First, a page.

Privilege and Compassion: Incompatible?

I’d be very interested in getting feedback about this short PBS video from visitors to this page. What do you think about the research? Do you think financial advantage, real or fabricated, influences the way people treat others? Are rich people less altruistic, more likely to cheat and lie and steal, and more aggressive than poor people?  If so, what does that say about the “middle class?”  Are they imperfect liars who occasionally care that their modest privilege robs the less privileged?

I have opinions, but I’d rather hear others’ points of view before I start spouting off about my own.  I did find this video VERY interesting.

About John Swinburn

"Love not what you are but what you may become."― Miguel de Cervantes
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3 Responses to Privilege and Compassion: Incompatible?

  1. robin andrea says:

    Such an interesting video, but not surprising. Reminds me a bit of this article that I probably already shared with you in the past, but worth looking at again:
    I think there is an element of psychopathology that can be triggered by wealth. It takes a lot of compassion to over-ride the sense of privilege and dominion.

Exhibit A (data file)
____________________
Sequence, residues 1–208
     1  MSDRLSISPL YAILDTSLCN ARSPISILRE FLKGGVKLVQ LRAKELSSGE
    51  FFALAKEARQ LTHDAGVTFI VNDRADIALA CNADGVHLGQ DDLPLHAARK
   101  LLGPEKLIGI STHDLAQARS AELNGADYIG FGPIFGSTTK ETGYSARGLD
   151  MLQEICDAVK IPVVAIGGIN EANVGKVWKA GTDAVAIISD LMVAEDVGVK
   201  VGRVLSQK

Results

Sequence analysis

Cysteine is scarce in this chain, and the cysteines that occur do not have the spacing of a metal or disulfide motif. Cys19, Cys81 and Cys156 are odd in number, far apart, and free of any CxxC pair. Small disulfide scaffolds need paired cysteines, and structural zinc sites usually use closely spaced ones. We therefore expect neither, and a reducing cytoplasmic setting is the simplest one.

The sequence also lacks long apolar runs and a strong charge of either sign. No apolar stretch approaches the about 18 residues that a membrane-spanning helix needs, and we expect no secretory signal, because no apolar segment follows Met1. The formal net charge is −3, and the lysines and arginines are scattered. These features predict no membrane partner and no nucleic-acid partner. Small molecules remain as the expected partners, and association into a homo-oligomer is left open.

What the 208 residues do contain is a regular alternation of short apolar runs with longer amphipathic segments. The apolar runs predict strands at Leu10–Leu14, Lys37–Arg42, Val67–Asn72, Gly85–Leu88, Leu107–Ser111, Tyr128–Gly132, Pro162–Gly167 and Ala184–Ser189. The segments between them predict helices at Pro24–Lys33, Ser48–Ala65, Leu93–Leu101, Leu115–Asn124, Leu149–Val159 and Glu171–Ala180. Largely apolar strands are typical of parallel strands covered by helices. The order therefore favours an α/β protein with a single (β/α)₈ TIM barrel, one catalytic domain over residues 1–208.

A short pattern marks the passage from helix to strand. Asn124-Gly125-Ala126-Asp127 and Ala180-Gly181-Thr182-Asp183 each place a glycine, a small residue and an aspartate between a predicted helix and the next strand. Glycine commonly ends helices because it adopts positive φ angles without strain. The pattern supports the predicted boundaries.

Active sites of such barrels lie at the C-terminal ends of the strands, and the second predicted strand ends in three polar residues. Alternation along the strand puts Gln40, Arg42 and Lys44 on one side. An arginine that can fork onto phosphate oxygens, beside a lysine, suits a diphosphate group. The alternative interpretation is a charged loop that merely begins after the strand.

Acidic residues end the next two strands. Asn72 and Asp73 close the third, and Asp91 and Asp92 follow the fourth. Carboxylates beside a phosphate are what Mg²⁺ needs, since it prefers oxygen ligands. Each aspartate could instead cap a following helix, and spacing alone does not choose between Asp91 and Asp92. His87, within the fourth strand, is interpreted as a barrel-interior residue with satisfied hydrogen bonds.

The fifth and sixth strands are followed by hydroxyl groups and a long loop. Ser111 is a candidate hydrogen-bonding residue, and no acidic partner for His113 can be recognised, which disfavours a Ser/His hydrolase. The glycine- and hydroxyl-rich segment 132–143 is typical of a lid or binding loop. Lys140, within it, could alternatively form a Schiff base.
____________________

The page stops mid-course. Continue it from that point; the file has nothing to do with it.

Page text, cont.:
2. Thanks, Pauline. What I found most interesting about this piece was the suggestion that a person simply HAVING more tends to result in his or her belief that he or she DESERVES more, i.e., a sense of greater entitlement seems to accompany the accumulation of greater wealth. I’ve seen so much of that; people who were at the right place at the right time and who are not possessed of appreciably more knowledge or skill or ability than someone else get a significant advantage and then begin to believe that advantage is their due. Not only that, there seems to be a transformation in attitude about others who did not stumble into the same luck; those less fortunate are not as smart, not as resourceful, not as deserving. If, indeed, the mere accident of being in the right place at the right time has those effects on people, I think it’s in everyone’s best interests to devote some attention to that, to encourage people to consider that tendency and to take steps to overcome it. I am trying to persuade myself that I should feel less animosity to arrogant, uncaring people with a lot of money because, “it’s not their fault.” So far, I’ve been unsuccessful. How do we eliminate financial status from the moral compass?

  3. Go ahead, John and spout off. This is shocking but not an excuse for greed.

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